Sunday, November 02, 2008

The Barington Encounter: Part One

In honour of the fact that my friend James Mullin has managed to trick me into reading at this afternoon's open house at Vancouver's Tanglewood Books, and in honour of the fact that the blog is caught up to date for the first time in a long time, I've decided to launch a new feature here at the Pop Culture Institute, namely that of serialized fiction. Beginning today and running each Sunday from now on until either I finish the damn thing or the damn thing finishes me, it's the completely un-awaited, utterly unsought-after novel-in-progress The Barington Encounter, which is dedicated to Douglas Adams...



Barington was a very normal town in Sussex. I say was, because… Well, let’s not get ahead of ourselves before we've even begun, shall we?

Barington, as I’ve said, was a very normal town in Sussex. As a place it consisted of a medieval centre, little changed since the 14th Century, except for the number of shops offering Tandoori chicken, which had lately increased exponentially, although only since 1982. It had a minor cathedral, two even lesser stately homes (which could more rightly be called stately cottages - were there such a patently ludicrous designation), and a stand of trees where Henry III once got a hangnail, an event commemorated there now by a somewhat tatty brass plaque placed in the vicinity by the local chapter of the Society of Sticklers for Historical Minutiae in 1991. Wreathing this ancient if entirely ordinary red-brick jumble was a ghastly grey sprawl of tract houses punctuated here and there by even ghastlier blocks of council flats, most of which dated from 1964.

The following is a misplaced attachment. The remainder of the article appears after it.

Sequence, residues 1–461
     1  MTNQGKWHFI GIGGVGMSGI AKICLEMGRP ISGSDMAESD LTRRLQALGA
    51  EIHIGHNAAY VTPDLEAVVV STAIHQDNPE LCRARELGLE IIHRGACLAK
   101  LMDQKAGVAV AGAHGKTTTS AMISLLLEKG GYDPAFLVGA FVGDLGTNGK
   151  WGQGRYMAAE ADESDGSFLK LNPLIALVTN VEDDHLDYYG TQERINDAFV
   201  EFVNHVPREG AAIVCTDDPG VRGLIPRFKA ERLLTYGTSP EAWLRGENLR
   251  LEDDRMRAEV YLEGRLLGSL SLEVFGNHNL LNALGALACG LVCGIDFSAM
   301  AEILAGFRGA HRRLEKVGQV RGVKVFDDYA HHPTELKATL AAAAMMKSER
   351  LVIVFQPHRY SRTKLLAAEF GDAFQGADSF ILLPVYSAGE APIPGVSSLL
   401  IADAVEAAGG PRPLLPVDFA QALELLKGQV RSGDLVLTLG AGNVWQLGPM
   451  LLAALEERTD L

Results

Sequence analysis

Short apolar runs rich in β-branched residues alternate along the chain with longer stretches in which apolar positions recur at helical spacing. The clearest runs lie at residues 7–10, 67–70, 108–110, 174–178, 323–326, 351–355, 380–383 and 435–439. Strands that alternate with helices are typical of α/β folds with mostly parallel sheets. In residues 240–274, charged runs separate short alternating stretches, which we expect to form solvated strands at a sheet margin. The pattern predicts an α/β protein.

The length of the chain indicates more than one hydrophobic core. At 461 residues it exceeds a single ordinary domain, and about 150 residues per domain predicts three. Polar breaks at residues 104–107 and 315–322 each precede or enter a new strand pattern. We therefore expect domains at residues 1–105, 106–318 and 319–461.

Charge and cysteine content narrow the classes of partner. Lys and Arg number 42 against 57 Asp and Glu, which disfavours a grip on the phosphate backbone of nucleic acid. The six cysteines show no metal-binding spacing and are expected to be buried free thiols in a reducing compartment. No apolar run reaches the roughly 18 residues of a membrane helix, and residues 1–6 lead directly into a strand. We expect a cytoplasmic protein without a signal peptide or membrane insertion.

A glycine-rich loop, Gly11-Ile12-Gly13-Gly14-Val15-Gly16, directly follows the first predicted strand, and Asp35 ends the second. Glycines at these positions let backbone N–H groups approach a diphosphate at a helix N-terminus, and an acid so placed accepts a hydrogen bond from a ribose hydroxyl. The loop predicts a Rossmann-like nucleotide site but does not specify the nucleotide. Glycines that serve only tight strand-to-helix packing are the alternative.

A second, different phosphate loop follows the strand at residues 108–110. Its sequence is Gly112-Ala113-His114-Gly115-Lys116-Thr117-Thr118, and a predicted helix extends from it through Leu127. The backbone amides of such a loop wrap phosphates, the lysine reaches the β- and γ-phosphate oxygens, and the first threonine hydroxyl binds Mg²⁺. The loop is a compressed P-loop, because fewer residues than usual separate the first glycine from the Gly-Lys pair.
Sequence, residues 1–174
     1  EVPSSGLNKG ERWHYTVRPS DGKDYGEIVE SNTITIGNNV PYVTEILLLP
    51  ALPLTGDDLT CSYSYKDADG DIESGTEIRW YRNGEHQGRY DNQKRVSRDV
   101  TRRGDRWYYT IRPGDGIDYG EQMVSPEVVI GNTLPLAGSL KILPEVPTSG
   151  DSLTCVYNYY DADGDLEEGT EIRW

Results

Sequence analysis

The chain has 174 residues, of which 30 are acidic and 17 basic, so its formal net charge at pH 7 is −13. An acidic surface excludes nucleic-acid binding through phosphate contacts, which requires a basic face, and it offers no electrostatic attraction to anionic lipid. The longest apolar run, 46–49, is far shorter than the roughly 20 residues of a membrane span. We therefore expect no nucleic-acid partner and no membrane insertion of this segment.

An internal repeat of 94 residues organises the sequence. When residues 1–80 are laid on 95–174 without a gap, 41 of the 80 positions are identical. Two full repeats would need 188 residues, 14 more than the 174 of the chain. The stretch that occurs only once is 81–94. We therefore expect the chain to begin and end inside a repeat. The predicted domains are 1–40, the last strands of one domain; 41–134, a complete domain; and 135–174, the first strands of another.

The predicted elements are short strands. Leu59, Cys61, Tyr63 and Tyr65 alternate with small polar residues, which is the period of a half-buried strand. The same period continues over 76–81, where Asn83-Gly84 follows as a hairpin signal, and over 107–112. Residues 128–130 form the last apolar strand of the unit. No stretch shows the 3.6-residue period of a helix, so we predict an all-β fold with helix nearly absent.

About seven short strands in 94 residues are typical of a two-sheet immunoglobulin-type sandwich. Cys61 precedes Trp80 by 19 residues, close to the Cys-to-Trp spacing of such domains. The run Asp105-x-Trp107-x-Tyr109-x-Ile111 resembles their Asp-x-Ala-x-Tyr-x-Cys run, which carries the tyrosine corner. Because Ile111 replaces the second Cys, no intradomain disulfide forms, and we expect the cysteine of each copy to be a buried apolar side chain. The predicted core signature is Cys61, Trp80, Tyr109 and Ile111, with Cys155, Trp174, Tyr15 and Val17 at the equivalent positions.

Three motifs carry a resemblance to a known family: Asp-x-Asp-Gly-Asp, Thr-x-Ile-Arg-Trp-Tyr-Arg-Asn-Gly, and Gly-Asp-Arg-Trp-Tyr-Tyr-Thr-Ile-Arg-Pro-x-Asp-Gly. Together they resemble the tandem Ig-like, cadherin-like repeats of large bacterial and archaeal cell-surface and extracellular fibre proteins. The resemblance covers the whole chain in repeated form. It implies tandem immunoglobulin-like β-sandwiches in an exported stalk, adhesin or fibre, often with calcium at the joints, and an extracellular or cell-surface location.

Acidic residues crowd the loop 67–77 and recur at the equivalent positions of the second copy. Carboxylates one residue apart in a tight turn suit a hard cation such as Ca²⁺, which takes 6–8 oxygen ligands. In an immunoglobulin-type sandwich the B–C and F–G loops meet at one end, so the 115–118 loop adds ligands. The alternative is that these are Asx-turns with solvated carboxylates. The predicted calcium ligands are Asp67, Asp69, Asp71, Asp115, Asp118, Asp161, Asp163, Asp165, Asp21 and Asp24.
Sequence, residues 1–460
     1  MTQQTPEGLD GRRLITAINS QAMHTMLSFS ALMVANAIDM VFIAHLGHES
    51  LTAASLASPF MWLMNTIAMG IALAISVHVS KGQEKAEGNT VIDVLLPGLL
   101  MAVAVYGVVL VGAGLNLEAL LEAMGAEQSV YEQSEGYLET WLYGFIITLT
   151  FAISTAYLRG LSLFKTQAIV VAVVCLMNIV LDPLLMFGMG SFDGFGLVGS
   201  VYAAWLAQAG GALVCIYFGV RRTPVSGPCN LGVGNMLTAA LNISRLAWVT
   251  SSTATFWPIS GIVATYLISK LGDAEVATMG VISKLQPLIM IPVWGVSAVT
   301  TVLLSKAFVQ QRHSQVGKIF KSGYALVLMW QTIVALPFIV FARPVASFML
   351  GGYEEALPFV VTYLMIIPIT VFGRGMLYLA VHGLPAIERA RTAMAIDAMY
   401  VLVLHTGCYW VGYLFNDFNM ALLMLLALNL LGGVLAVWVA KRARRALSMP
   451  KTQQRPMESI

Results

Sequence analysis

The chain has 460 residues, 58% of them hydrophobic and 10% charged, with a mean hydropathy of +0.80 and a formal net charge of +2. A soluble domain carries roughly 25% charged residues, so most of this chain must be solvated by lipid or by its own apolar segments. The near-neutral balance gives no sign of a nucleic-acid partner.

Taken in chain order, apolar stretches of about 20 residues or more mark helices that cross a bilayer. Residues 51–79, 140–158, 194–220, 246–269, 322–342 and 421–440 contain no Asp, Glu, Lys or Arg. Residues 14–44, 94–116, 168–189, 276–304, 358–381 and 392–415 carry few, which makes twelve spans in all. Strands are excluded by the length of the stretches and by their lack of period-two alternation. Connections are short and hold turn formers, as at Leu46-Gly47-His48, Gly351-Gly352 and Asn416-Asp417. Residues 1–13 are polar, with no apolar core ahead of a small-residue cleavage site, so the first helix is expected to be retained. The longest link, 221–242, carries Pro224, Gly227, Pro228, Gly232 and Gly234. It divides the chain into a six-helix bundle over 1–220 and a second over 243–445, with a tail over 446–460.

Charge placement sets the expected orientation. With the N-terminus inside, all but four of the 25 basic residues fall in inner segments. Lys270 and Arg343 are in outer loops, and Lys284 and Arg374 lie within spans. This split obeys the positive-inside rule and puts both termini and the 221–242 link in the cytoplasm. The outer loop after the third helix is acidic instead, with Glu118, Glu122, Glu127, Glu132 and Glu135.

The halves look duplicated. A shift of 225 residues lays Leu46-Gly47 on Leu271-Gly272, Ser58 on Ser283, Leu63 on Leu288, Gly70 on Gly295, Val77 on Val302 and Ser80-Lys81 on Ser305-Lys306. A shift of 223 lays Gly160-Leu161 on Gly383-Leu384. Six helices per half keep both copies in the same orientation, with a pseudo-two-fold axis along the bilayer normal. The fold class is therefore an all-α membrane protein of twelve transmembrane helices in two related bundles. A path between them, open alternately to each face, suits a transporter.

In other words, Barington was a very normal town in Sussex.

The residents of Barington were a God-fearing lot, naturally. They attended the cinema and garden shows, and occasionally even church; they drank any number of pints in any number of pubs, took picnics on the village green and even bought tickets in the National Lottery - but only if they were deliberately cultivating a reputation for thrill-seeking. Likewise, they shopped for goose liver pate and veal chop and unfairly traded, inorganic, cruelty-enriched biscuits from the Fourth World at Selfridge’s - the Third World having recently been deemed by The Daily Mail to have become far too uppity for demanding a tenth of the lifestyle enjoyed by its consumers, and therefore unworthy of any further custom.

Baringtonians could be counted on to always vote for the government candidate in by-elections, provided he was a Tory, and might even profess a poignant longing for the good old days (whenever they were) whether drunk or merely awake. Poll after poll showed time after time that while the average Baringtonite went up to London eight times a year, it wasn’t always for the reasons one might think, whilst every single time any of them went to Brighton it was for one thing and one thing only. Otherwise, why bother, eh?

On any given day, say May 12th, they would be as comfortable in their suburban smugness as they inevitably were in their carpet slippers... So then it came as quite a shock to the residents of Barington, not to mention the Nation, when on that selfsame day Andromedans turned up at a rented house in Juniper Mews with a hired lorry full of furniture.

Actual Andromedans mind you, from the planet Andromeda. Not a Greek family from, say, Clapham. And not some Doomsday cult in matching trainers and trackies, either, though that is what they resembled.

Andromedans. Five of them.